Much like the movie Schindler's List or even Sin City; there is not a lot of color, which is to be expected in a post-apocalyptic game. It's dark, depressing and has a feeling of despair to it. However, there are segments where splashes of color are used for maximum impact, such as the use of red when you meet a faction of the game. Splashes of green amid the rubble of the destroyed city above add a glimmer of hope amid a desolate harsh world.
While the graphics in Last Light will not measure up to heavy hitters such as Crysis 3, the visuals can be equally stunning. Looking over Moscow with a cracked gas mask, wiping rain away from your mask really draws you into the moment and you realize the extent of the devastation that you are living in.
Sound in a game can either tie everything together, fully immersing the player in the world, or be so utterly jarring that it completely removes the player from the game. To be perfectly honest, I experienced both during my time of exploring Metro: Last Light. Thankfully, it was much more of the former than the latter.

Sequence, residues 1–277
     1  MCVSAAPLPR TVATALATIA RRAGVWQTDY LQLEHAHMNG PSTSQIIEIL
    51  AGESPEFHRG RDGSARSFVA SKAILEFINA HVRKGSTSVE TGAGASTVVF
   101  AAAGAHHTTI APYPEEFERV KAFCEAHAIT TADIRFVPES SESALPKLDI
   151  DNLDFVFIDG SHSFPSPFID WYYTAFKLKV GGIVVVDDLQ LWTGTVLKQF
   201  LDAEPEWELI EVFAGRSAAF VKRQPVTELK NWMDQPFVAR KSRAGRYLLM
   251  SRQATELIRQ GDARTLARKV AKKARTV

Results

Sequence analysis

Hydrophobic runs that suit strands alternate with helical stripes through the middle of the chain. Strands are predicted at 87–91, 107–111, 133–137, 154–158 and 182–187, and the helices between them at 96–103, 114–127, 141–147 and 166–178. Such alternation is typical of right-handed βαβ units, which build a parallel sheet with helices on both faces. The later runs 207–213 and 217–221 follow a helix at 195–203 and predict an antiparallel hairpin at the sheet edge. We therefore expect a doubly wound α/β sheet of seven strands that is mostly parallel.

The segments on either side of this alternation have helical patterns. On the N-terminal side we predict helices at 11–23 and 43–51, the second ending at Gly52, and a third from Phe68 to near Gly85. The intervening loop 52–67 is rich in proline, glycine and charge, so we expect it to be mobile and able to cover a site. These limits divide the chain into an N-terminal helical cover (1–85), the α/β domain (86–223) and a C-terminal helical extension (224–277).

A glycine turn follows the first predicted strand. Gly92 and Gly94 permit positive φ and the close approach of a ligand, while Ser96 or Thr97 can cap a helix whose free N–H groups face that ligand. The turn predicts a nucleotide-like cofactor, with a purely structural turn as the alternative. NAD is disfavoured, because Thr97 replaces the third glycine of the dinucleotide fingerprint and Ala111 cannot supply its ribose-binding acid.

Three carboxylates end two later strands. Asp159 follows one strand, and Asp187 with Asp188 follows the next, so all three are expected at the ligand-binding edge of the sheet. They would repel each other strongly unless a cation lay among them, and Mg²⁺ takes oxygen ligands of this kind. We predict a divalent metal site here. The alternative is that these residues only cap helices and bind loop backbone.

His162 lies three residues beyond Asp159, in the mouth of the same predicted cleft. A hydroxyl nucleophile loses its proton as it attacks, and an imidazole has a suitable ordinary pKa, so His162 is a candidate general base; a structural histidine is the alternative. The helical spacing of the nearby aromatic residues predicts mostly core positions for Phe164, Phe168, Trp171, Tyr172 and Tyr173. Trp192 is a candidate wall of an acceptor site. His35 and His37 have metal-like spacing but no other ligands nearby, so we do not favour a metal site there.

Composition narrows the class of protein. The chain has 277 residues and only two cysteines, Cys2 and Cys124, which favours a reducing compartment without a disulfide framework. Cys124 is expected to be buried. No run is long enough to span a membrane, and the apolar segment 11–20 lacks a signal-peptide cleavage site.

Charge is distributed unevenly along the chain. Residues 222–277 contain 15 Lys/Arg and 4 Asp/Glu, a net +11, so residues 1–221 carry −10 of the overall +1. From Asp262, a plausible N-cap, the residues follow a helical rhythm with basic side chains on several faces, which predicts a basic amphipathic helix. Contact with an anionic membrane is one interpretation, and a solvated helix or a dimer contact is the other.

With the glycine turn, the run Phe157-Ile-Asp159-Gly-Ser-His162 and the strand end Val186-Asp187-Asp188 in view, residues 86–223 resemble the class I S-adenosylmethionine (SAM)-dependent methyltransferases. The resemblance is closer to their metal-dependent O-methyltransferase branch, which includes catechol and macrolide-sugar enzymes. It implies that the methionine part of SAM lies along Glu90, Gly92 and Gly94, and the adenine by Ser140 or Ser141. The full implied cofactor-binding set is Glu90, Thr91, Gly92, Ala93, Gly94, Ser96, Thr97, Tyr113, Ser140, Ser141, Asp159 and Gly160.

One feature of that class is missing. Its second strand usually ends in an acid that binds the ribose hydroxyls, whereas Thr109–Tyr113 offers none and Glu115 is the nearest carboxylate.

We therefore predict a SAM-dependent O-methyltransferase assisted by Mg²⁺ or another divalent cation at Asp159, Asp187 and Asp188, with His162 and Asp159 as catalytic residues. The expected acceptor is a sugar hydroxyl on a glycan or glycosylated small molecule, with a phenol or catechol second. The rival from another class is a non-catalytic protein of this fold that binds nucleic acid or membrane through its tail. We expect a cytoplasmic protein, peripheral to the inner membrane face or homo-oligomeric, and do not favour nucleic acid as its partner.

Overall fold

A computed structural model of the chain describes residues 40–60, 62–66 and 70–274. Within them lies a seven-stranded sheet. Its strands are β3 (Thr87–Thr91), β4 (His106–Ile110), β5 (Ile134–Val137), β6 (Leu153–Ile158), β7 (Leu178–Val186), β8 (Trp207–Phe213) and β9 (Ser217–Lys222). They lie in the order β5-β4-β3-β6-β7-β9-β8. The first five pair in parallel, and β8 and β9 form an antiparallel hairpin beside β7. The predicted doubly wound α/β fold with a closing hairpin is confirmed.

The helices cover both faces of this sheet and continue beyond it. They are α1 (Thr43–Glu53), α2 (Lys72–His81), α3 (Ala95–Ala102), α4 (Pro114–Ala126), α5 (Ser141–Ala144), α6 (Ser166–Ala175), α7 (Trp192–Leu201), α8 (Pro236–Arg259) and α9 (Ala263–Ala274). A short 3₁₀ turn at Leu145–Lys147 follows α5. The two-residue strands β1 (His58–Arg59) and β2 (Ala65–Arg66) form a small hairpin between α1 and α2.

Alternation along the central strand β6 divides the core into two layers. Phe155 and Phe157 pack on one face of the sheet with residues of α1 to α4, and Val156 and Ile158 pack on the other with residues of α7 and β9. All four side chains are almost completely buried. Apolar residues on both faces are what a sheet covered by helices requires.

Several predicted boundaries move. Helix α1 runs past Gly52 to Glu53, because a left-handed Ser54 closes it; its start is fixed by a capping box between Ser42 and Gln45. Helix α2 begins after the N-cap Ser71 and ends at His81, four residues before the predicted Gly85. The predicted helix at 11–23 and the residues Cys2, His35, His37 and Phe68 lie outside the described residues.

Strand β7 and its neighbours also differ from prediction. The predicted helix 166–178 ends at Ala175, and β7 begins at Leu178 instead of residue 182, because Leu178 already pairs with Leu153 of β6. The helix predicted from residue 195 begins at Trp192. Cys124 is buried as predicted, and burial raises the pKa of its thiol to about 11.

In a survival/horror game ambient noise, in my opinion, is one of the most critical aspects of the game. It's those little noises that make you hesitate, look around, and peer into the dark depths of a corner hoping something doesn't come charging out at you. One memorable experience for me was finding a colony of Watchmen. I could hear them all around me, growling, moving, and even eating. Yet, I couldn't see them because they were in the walls. With the weapons and ammo that I had at the time, I became very anxious of what I was walking into. That combination ratcheted up the suspense of the entire encounter.